In 1993, the SNES/Genesis war was in full swing, and the NES, while still alive (The NES ceased production in 1995 in the US; the Famicom managed to hang around until 2003 in Japan), was something of an afterthought. This was too bad, as some great games came out from developers pushing the NES to its limit, and, frankly, beyond. Such is the case with this game in the Games I Beat In 2014 series, Kirby’s Adventure.
Kirby’s Adventure is the 1993 sequel to Kirby’s Dream Land. In it, Kirby realizes that all of the dreams in Dream Land have been stolen. Investigating, he finds out that King DeDeDe has stolen the Star Rod out of the Fountain of Dreams and broken it up into pieces. It’s Kirby’s job to take the pieces of the Star Rod back and restore it to the Fountain.
Kirby goes about this in the same basic manner as Kirby’s Dream Land. Kirby walks, he jumps, he flies, and he eats. But there are some new wrinkles this time out. First off, Kirby can dash by double-tapping in a direction. If Kirby’s Dream Land ever felt “slow” to you, this is a welcome relief. It’s a small change, though. The much bigger change is that, for the first time, swallowing enemies will give Kirby various abilities. There are 24 abilities in all, ranging from a basic Beam weapon to the powerful UFO. To drop an ability, press Select, and Kirby will go back to Normal Kirby, ready to suck up and swallow another enemy (He can also still spit them out instead). Additionally, swallowing multiple enemies at once will effectively cause Power Roulette, and inhaling and then spitting out multiple enemies will cause a more powerful star to travel across the screen.
Where Kirby’s Dream Land was a short, simple affair, Kirby’s Adventure is much longer. The game is composed of 7 worlds that you can freely go back and forth between, and each world has multiple stages that can be replayed. This is because this was also the first Kirby game to feature percentage tracking and “secrets” within the stages. If you beat a stage and see its door is still flashing, that means there’s a secret “bell” that you missed. Finding the bell will unlock something in that world, be it a museum containing a free power up, a mini-game, or an arena where you can fight for a Maxim Tomato and powerup. In short, the game is a lot more expansive and closer to a full game than Kirby’s Dream Land. There are even some parts that are surprisingly challenging, although the frequent opportunities for 1-ups via minigames, plus the auto-save that takes place after every level, mean it’s nothing most gamers won’t overcome.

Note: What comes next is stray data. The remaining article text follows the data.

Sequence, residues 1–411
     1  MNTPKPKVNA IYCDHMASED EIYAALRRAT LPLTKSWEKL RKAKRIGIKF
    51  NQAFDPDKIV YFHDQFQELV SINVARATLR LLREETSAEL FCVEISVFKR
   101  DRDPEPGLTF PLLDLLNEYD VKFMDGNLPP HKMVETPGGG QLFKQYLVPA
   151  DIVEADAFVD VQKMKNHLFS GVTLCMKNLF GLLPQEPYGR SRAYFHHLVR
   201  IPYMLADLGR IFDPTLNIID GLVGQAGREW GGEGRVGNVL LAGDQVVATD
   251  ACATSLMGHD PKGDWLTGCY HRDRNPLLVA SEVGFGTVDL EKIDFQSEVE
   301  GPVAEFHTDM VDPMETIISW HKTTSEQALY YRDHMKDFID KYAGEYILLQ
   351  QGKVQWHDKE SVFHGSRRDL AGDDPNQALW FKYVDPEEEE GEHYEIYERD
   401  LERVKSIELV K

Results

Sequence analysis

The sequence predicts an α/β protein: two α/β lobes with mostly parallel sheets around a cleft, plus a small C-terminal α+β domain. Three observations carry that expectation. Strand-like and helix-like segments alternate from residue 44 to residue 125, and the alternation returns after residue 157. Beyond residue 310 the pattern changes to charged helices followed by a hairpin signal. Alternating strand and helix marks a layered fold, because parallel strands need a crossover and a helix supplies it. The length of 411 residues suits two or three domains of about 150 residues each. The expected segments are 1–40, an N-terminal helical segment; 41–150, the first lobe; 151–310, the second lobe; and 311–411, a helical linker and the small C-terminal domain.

It’s not a perfect experience, though. I mentioned earlier that 1993 was when the NES was being pushed to, and beyond, its limits. Kirby’s Adventure is an example of this–“Kirby’s Lag Generator” would be an apt name for this game as well. It’s not an occasional thing, either. The game slows down on pretty much every level, particularly when certain powerups, like Spark, are used.
Still, the slowdown doesn’t detract from the fun as much as you might think. Kirby’s Adventure is still a lot of fun, and worth playing either in its original form, as part of Kirby’s Dream Collection, or on Wii Virtual Console. I would go so far as to say that, while this is the second game in the series, it’s the first “true” Kirby game that shows the character as we know him today.